5 tips for securing donations for your project or community group.

05 October 2014

Including how to do your research, what approach to take and what to ask for.

Let’s face it - whether you’re fundraising for a special cause that’s dear to you or whether you’re a non profit organisation looking for a boost to your income, asking for money from businesses can be a daunting and sometimes intimidating experience. Most of us would rather head for the hills than ask for cash, so here’s a few handy tips to make the task a little easier.

1.  Ask for money, you’ll get advice. Ask for advice, you’ll get money.


This is a great approach for businesses who you feel have an invested interest in the community. Ask them what they’d like to donate, and what they feel would be the best way to serve their local town/community.  It could be a football strip for the local football team, or musical instruments for the local amateur dramatics group. Put the ball in their court and remember it's a two way street so be creative with your requests!

2.  Research the company

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Most businesses have a website these days and they’ll give an indication of what sort of business they are. Are they eco-minded and innovative or are they more traditional? Do they have a theme? Do they already donate to charities very similar to your own? It would be better to tie in with what their ethos is because you wouldn't ask them to donate a 16 seated minibus if they’re a green energy company! The key is to know your stuff.

 3. Think outside the box

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Let’s be honest, every business loves innovative and unusual ideas.  If it’s a bit different, it’s more likely to get press coverage and attract the attention of the general public.  Use popular social media platforms like Twitter and Facebook to spread the story – it’s a cheap, easy and effective way to reach a big audience, so be out there or be square!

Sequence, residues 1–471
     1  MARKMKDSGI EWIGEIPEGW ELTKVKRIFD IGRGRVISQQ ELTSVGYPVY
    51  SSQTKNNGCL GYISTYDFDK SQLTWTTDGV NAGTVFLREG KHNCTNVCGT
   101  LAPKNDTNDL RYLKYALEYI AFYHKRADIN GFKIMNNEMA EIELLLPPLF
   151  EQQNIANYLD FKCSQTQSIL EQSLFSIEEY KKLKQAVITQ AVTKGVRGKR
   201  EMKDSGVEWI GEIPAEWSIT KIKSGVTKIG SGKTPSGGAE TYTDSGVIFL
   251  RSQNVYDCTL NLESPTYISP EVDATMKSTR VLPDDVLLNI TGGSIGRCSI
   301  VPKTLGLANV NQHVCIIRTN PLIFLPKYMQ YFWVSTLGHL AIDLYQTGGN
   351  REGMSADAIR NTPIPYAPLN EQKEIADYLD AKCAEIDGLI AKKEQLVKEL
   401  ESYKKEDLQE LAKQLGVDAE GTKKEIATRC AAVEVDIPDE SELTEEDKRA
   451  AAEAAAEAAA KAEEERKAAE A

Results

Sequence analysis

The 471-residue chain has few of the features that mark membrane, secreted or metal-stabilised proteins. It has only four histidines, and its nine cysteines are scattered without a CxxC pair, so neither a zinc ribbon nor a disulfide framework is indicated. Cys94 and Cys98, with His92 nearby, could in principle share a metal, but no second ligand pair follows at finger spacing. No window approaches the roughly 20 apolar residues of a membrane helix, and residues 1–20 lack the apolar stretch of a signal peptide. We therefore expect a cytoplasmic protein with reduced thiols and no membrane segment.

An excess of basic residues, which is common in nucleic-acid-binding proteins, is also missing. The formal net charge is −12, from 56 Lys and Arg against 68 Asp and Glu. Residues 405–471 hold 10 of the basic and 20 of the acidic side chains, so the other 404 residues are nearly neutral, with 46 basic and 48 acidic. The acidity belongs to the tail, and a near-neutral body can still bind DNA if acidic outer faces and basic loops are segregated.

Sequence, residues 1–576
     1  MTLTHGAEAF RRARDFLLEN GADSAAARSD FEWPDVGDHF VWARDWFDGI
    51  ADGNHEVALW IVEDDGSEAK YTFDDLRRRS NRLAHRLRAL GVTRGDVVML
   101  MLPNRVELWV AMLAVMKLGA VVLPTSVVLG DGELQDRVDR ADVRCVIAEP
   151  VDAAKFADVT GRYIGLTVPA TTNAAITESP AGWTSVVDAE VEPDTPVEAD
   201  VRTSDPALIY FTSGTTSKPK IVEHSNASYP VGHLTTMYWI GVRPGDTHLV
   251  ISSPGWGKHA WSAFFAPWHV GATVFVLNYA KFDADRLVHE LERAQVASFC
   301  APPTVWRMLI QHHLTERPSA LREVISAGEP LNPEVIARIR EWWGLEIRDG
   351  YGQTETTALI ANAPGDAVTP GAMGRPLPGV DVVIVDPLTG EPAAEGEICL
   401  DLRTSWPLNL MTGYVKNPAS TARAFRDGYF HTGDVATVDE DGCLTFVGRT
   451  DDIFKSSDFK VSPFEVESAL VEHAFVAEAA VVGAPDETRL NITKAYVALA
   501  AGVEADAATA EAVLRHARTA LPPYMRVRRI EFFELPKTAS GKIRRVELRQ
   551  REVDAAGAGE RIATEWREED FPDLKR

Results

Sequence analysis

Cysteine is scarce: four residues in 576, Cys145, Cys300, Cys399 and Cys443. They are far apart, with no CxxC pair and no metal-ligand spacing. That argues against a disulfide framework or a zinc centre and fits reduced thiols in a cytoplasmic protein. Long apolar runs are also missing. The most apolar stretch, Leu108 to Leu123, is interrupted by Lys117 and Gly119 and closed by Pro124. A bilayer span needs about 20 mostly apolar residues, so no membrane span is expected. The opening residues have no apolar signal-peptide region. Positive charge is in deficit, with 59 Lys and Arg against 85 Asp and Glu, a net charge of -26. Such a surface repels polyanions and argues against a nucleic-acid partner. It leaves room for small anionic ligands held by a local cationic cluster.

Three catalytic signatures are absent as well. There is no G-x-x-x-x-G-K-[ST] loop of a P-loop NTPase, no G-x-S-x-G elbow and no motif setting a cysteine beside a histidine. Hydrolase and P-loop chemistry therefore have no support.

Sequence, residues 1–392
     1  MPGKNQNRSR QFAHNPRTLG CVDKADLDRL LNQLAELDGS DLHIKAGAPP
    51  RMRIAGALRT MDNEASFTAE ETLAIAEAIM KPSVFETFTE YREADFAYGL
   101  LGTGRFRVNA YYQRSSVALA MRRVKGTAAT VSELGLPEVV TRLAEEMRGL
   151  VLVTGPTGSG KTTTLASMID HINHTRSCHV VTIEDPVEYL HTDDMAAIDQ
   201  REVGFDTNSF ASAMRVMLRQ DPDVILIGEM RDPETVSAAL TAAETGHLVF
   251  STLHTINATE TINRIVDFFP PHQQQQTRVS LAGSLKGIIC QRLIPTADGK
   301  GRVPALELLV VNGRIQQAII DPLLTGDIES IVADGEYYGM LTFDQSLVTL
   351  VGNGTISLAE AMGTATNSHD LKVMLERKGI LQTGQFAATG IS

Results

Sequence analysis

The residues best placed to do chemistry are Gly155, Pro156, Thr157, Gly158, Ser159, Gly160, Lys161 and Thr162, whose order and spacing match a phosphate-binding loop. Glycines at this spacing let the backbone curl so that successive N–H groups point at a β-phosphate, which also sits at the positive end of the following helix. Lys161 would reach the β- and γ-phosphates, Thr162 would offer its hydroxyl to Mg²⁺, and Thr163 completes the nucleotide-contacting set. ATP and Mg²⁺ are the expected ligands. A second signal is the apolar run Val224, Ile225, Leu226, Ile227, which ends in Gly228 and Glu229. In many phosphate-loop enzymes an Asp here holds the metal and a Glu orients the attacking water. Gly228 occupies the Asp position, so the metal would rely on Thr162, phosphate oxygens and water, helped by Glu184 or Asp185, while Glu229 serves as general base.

4. Keep it short and sweet

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For most companies, time is money and they’re on a meter, so keep it simple. A 20 page document will probably be put on someone's desk and never see the light of day, so stick to the facts and use your resources.  Emails and social media sites are quick and easy ways to explain what you want. Obviously you don't want to get into Stalkersville territory, so learn to recognise when no means no.

And finally...

5. Have fun!!!

Make your sales pitch as fun and as engaging as you can. A good sense of humour is key.

One more thing – you shouldn’t feel uncomfortable about inviting other people to take action on a cause that they genuinely care about. You’re selling something significant and, at the end of the day, most people don’t mind feeling like they’re making an impact on the world.  You’ve just got to ask them to!


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